Last night continued the nauseating saga of over-analyzing Giants wide-receiver Odell Beckham Jr. His turn to the NFL’s top on the field villain reached a peak in the new U.S. Bank Stadium in Minneapolis.
Beckham has been held to zero touchdowns this season with 303 reception yards off of 22 catches. He has shown flashes of brilliance in the four games this year, but what has overshadowed the 2016 Giants season has been his actions on and off the field.
Up until the infamous game against the Carolina Panthers last year, Beckham was the hottest thing in sports. Women loved his looks and men loved his performances on the field. After the Panthers game, the inner anger got to Beckham and his public perception changed.
We have seen it time and time again where the skeptical articles and scrutiny start to pop up and change public perception. In the world of social media and meme’s, they can make-or-break anyone. The same people who revered Beckham’s catch against the Dallas Cowboys, are now calling him a “crybaby” and questioning his sexuality. Twitter is a cutthroat place for anyone let alone a celebrity.
The emotion he has shown during games has not helped his cause. It is not surprising to see the level of attention he has received from referees following the suspension last season, but he has not helped his case with the decisions he makes sometimes. Some of the calls have been unfair, but what Beckham has failed to realize is that he plays for a team in the media capital of the world, and that the hype surrounded around him has created a target on his back the size of New York. Other players around the league either resent him for the attention he receives, or they realize that they can get him off his game by saying certain malicious things to him.
Last night, Eli Manning failed to target his best receiver until halfway through the second quarter. A wide receiver is only as potent as the amount of touches he receives during the game. The failure to even throw the ball his way until the second quarter is flat out frustrating for any football fan. The coaching staff needs to find ways to get him involved earlier instead of keeping him on the outside as a primary deep threat.
ESPN made sure to focus in on his facial expressions throughout the night. Whether he had his face down in his hands or if he exchanged words with a player on the Vikings, the world watched his every action.
He finished with only 23 reception yards, mostly due to the stout Vikings defense, and Xavier Rhodes. Rhodes took a part from the Josh Norman book and got in Beckham Jr’s head early, and proved valuable throughout the game. Beckham received one unsportsmanlike penalty after getting in the face of Rhodes after a play. What has been loss in that moment was the fact that Rhodes intentionally hit Beckham after he ran out of bounds. The refs only saw the anger after the play which resulted in the penalty.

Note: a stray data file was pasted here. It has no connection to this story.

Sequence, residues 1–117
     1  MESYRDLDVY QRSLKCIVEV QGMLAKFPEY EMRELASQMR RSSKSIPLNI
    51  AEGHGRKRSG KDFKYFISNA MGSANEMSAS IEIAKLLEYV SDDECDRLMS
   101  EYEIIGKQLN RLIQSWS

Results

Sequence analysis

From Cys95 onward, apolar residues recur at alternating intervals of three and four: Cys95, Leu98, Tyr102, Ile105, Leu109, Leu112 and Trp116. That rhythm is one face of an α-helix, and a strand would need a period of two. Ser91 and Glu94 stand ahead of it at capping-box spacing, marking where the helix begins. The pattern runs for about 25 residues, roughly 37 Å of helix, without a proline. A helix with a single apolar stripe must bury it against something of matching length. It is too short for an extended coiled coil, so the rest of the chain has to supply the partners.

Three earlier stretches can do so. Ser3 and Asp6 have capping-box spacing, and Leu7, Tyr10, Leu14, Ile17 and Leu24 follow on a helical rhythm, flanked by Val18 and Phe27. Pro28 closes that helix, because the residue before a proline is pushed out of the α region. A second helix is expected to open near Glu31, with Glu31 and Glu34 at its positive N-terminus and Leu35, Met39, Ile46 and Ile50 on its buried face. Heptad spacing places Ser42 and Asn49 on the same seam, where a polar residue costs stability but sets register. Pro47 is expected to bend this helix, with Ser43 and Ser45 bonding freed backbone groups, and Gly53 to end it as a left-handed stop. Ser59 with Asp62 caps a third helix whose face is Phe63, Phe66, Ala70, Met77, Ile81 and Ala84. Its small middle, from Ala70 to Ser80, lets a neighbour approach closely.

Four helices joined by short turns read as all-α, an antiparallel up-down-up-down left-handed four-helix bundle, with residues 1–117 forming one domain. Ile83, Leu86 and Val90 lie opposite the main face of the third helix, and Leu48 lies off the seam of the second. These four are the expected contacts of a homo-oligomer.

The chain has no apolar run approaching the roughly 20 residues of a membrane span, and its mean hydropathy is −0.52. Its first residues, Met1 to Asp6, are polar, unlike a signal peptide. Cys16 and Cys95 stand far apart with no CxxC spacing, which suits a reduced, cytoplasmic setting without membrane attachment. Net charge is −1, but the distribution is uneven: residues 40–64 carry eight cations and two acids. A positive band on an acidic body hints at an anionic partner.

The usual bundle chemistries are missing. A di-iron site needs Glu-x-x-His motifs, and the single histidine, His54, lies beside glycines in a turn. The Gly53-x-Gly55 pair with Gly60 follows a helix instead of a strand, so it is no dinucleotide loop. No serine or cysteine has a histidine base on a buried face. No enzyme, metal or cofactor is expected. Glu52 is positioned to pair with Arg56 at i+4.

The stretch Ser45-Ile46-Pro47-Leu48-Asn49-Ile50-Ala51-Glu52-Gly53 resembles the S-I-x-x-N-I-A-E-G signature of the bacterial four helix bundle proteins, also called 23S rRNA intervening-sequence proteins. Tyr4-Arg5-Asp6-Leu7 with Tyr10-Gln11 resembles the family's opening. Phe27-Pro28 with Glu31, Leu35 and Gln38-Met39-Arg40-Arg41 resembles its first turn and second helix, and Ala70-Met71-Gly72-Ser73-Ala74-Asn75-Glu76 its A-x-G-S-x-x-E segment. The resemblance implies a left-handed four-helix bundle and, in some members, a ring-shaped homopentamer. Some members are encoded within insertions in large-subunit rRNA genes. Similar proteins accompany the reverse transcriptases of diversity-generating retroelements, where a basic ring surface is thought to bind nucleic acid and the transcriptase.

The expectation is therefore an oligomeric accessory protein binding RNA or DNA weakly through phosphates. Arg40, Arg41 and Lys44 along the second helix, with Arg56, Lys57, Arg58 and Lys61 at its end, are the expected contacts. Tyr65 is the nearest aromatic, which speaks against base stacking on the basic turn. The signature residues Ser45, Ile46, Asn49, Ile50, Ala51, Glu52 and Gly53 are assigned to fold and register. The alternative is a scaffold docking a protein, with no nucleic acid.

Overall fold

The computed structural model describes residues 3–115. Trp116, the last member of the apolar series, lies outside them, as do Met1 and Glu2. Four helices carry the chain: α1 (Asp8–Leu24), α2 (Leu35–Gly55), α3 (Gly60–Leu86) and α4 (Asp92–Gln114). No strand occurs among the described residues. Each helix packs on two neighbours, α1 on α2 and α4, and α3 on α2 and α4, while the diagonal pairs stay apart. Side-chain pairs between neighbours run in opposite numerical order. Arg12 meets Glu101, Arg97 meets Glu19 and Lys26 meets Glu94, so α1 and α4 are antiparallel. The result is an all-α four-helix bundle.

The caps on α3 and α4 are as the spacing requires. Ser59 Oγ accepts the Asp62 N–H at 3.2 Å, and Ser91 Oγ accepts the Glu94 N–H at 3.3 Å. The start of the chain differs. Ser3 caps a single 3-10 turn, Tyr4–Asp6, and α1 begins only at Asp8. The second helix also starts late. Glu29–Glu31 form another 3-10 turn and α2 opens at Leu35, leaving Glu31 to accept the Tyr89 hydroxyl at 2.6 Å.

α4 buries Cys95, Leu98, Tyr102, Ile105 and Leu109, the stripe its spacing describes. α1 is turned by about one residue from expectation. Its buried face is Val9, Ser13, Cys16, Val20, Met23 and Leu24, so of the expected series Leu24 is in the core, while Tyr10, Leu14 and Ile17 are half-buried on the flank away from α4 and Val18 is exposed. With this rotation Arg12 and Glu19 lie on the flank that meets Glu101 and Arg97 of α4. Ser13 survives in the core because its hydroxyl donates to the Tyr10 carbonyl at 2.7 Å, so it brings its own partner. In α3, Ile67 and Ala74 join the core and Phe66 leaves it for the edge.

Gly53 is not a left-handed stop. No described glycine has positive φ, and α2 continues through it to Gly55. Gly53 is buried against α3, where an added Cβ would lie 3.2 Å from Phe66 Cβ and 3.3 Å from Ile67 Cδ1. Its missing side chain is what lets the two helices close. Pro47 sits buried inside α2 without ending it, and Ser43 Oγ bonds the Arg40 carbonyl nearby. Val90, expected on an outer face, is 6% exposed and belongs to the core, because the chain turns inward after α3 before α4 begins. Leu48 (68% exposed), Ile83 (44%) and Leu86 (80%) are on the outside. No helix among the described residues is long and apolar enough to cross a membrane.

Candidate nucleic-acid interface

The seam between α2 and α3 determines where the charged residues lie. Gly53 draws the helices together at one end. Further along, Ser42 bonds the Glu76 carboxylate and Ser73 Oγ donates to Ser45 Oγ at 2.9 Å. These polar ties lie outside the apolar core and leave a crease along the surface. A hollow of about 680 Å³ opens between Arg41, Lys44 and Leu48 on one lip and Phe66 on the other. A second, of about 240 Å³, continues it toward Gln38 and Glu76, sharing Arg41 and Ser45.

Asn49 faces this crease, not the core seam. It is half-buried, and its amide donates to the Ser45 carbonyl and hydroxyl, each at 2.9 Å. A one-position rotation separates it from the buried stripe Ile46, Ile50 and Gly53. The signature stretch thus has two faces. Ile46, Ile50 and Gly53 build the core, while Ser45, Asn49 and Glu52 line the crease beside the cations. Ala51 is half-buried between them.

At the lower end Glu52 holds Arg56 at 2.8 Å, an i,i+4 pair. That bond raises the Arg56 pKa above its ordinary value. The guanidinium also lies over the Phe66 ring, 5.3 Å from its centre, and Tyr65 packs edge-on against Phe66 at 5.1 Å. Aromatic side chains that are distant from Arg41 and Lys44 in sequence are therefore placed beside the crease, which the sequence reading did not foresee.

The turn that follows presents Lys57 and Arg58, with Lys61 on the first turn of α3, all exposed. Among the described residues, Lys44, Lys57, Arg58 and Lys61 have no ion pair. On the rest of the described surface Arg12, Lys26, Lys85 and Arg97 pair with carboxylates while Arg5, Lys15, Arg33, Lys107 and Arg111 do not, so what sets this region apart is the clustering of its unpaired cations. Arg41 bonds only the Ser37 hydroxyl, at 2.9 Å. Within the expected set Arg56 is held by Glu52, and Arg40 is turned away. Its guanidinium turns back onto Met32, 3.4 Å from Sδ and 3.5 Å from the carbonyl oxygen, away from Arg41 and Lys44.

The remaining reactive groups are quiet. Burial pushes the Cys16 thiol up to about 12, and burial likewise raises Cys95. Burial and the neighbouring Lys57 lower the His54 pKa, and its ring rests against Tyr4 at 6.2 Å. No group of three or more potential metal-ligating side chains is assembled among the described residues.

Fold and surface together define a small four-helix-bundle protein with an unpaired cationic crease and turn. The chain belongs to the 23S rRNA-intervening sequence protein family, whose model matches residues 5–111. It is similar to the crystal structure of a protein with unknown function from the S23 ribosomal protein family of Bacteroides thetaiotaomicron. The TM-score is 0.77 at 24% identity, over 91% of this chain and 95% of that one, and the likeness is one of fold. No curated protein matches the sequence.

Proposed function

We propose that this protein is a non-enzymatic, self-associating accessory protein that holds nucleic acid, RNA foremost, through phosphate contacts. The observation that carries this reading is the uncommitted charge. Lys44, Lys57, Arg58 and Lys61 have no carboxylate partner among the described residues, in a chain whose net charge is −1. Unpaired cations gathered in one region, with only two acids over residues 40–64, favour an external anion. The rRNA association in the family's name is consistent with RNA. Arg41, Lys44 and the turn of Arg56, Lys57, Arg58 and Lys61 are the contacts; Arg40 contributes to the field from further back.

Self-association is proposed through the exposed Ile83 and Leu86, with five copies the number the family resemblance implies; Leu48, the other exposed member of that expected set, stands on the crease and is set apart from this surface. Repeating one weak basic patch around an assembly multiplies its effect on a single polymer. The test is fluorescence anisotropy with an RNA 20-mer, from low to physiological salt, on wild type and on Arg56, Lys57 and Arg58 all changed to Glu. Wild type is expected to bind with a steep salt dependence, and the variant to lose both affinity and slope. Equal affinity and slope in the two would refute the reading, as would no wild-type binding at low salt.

There were several other instances of Beckham chirping away at the Vikings sideline. This is a natural part of the game that seems to be forgotten when discussing him. Players talk, and they show emotion. The scrutiny has been unfair to an extent. But he has to realize that all eyes are on him and because of that he has to control his emotions. The opposing team has fed off of his sensitivity and he can not seem to get out of his own way.
After the game, the obvious topic was Beckham becoming a distraction. Eli Manning seemed fed up when asked about him. Manning’s comments are problematic because of his failure to defend his teammate. Beckham is passionate and human, and has been targeted unfairly yet despite Beckham’s own immaturity, Manning failed to defend him. Manning needs to realize that his one to one TD:INT ratio has greatly affected the team this year. There were numerous occasions when the play could of been extended and he threw the ball out of bounds or into the turf. A receiver can only go as far as his quarterback takes him and Manning hasn’t held up his part of the deal.
No one cares what you say or do as long as you’re winning. Since being drafted in 2013, the Giants are 12-19. Albeit some of it has to do with coaching and personnel issues, there is always a scapegoat. Beckham Jr. has become the symbol of everything that is wrong with the New York Giants. If the Giants can put together a winning streak, the spotlight will dwindle slightly.
If he can channel his emotions into positivity for the team, that will be one less distraction for a poorly guided team.
In an interview after the game Beckham did not hold back when asked about how he was feeling:”Football is my sanctuary,” Beckham said. “It’s where I go to escape. It’s where I’m most happy. I’m not having fun anymore.” For someone who has been all smiles and dancing for most of the career, he must find that happiness to be himself again. Somewhere along the line he went from care-free to hyper sensitive.
Beckham has yet to cross the endzone, but that will surely change. Hopefully for the Giants sake, they reach an understanding and move past the non-story. The coaching has to get Beckham the ball more often, and Beckham has to realize that he is his own worst enemy. His mood swings have hurt the team. There have been other emotional wide receivers who have been successful in their careers, and Beckham should take a page out of their book. Hopefully for Giants fans and fans of Beckham, he returns to dancing and ends the senseless distraction for his team.